There are many aspects of my life story that are hard to write about for different reasons — shame being a big one, also in some cases worrying about the backlash of disbelief. And there is the issue of potentially airing others’ dirty laundry or just private information. However this particular topic is uniquely difficult in that it is both a lifelong source of alienation and a topic that has not gotten much sympathy over the years. Often I’ve had a harsh backlash reaction, even with therapists, trying to explain the difficulty of being smarter than the average bear. However my platonic ideal goal for writing a memoir is to tell the truth, the whole truth, and nothing but the truth, so I cannot exclude writing about this.
A gentle reminder to any readers that I am in the writing phase and not the editing phase, which will come much later when I have substantially more pages, so forgive the rambling nature of the writing…
Added editorial note — this post is definitely not great writing. Caveat emptor or whatever.
I was a pretty inquisitive and self-guiding kid. As my mother liked to recount, apparently I came to her at age two with one of my earliest books, I Am a Bunny, and showed off by reading aloud the entire book. She had no idea how I had learned to read. I suspect Sesame Street had something to do with it. As I don’t remember much before age 6 I have to take her word for it that I was a bit precocious.
I remember around age 7 and 8 I became really interested in taking rotary phones apart down to the tiniest screws and then reassembling them. Those things were weird. Inside there was all this grease. One time I managed to have a big hunk of phone internal that looked, to be honest, like some sort of explosive device, in my coat pocket as we went through airport security, which, circa 1980, was just walking through passive metal detectors. I was really impressed by how the metal detector did not go off with this 3 pound chunk of very much metal (and wires and grease) in my pocket. Was it because it was highly magnetic? Curious…
Actually one of my very earliest memories was when I was two or three, and I stuck a key in a power outlet. The result was comical. I was blown back physically and both my fingers and the outlet blackened a bit from the large electric arc. I paused a minute or so and repeated the experiment, to see if there was a consistent pattern. It feels like there is some buried metaphor for my life trajectory in this anecdote.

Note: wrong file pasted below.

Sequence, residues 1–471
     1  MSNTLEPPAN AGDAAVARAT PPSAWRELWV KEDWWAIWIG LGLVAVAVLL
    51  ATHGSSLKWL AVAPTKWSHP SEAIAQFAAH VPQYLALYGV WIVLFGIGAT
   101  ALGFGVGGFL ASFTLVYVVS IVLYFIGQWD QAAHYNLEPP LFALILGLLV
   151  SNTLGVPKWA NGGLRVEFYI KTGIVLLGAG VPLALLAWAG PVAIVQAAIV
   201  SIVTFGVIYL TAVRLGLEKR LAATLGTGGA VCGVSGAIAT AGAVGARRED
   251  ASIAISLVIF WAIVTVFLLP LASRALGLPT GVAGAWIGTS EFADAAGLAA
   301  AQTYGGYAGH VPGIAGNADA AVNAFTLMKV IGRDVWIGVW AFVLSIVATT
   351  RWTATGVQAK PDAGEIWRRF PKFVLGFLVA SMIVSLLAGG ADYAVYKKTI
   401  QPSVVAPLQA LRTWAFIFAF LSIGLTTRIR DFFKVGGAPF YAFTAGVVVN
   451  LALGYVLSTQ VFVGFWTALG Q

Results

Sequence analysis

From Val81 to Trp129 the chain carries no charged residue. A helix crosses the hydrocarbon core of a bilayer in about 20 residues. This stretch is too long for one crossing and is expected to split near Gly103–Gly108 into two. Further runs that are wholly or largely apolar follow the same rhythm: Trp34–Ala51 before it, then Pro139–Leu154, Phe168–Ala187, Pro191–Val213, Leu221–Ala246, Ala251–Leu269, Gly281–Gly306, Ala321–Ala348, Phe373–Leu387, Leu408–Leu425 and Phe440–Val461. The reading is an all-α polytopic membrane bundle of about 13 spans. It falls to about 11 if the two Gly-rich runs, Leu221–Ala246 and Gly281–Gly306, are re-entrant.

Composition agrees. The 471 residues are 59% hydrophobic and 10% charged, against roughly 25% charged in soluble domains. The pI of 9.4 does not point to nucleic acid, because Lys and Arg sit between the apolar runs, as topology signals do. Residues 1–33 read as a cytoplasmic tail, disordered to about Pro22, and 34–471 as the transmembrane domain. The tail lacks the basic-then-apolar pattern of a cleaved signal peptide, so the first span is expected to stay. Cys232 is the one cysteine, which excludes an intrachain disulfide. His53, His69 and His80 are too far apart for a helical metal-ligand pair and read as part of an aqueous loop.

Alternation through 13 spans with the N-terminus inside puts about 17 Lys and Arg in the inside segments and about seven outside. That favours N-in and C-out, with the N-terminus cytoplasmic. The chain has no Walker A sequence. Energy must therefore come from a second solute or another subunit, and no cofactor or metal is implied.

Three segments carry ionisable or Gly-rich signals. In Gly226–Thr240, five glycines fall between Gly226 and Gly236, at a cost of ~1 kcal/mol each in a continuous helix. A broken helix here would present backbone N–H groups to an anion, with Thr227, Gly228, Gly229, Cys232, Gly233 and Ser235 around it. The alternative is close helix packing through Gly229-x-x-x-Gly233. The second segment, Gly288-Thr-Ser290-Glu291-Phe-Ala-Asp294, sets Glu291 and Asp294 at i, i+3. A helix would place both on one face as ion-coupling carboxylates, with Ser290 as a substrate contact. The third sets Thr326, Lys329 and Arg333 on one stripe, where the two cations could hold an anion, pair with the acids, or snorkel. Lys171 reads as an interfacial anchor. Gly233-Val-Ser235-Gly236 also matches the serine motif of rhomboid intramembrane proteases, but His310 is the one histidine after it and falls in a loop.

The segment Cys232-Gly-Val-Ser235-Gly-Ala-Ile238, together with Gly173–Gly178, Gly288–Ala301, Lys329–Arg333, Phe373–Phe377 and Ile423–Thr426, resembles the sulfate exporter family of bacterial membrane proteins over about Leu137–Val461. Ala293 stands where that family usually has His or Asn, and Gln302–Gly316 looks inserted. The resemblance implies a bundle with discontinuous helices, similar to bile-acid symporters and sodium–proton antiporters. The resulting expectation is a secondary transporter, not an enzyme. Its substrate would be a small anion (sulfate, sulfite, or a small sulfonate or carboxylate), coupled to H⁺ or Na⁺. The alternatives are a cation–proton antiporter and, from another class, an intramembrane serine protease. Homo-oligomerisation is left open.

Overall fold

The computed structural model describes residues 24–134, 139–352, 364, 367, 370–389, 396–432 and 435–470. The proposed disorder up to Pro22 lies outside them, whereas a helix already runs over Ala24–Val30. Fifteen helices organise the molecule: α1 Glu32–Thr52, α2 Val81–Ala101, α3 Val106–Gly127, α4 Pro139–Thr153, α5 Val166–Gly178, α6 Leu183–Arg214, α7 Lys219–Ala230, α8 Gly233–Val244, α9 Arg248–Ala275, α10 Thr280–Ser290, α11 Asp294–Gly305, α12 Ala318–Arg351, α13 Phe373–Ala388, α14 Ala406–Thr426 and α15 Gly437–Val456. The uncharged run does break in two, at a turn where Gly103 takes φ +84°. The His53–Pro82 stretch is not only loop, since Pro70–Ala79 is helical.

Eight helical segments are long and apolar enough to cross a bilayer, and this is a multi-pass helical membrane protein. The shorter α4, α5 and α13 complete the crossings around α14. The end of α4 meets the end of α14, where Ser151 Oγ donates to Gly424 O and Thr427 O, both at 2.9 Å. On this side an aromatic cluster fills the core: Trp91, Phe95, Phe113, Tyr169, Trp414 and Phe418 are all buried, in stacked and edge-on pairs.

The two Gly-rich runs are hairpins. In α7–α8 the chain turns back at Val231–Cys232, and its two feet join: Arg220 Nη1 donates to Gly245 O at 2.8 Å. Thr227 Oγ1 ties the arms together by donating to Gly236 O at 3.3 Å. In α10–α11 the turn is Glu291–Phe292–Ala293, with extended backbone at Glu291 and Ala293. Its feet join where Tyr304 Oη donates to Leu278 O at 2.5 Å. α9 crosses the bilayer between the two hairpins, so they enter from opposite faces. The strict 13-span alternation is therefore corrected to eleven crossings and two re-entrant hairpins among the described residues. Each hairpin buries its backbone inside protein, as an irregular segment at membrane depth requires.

Day care at age 5 and then first grade were the only times I remember really liking school. For one thing so much was tangible — making turkeys out of construction paper or playing with tasty glue or blocks, running around on the playground. I remember laughing a lot. By second grade my attitude towards school plummeted. It was my 3rd school in 3 years and so I was having to make new friends again. Also the teacher, presumably with the administration’s blessings, divided the class into three groups *based on merit*, which were the gold group, the silver group, and the brown group. I was in the gold group. But I was so horrified and offended by the existence of a brown group that I silently protested by no longer doing any of my homework. After school as I walked across the grounds heading for my new supervised hangout at the B___s house, I would toss assignment sheets to the wind. Still I remember receiving all Satisfactory marks on report cards. And hey, I was in the gold group! This would be the beginning of a lifelong pattern of being rewarded for natural ability rather than effort, a curse that has haunted me.
Third grade, a 4th school, now in the suburbs of Philadelphia, there were some things I liked. The progressive approach to the public school in Marion, PA was that students were grouped within each subject by achievement rather than age, which meant that I got to take classes with 4th and 5th graders. Being challenged was nice. In fact the school had a program for gifted students called Challenge, and I believe in 4th grade they tested me with standard IQ test and accepted me into the program, which was great as it meant exiting normal classes a couple times a day to be with a smaller group of genius kids where we’d learn logic puzzles and critical thinking. I followed my friend Tim, who had been admitted the year before, and he even helped me cheat by giving me one of the IQ test questions in advance: “define espionage”. I think the tester probably raised an eyebrow when I responded “the act or practice of spying”.
The testing for Challenge was the first time I was so tested, though would not be the last. And I remember clearly how they explained, probably to my mother who relayed this to me, that I scored well above average in most categories, including “intrapersonal intelligence” which was sort of a theory of mind metric about how well you understood others’ motivations and reasoning, but that I scored well below average in “interpersonal intelligence”, which was basically my social skills. Given I had been to 4 schools already, was told at home that I was an impossible burden and my mom would kill herself if I didn’t get easier, and had little to no guidance, and no experience with siblings or cousins, this was not very surprising, but still notable. I remember that year my very first hints of being socially rejected, with a single incident, where I overheard some of the popular girls laughing and mocking another girl, Melissa Friedman, saying “YOU like Jason Boyd!!! Hahaha heeheehee”. I had become the butt of a joke. Ironically — if you’re out there reading this Melissa… — she was my very first crush too. Sigh.
It was also this year that I met my first nemesis, Caleb. I remember one day I solved the Rubik’s cube I’d been carrying around, using brute force rather than the later solution books you could study, and Caleb grabbed it and threw it on the floor smashing it into pieces. But that is for another story.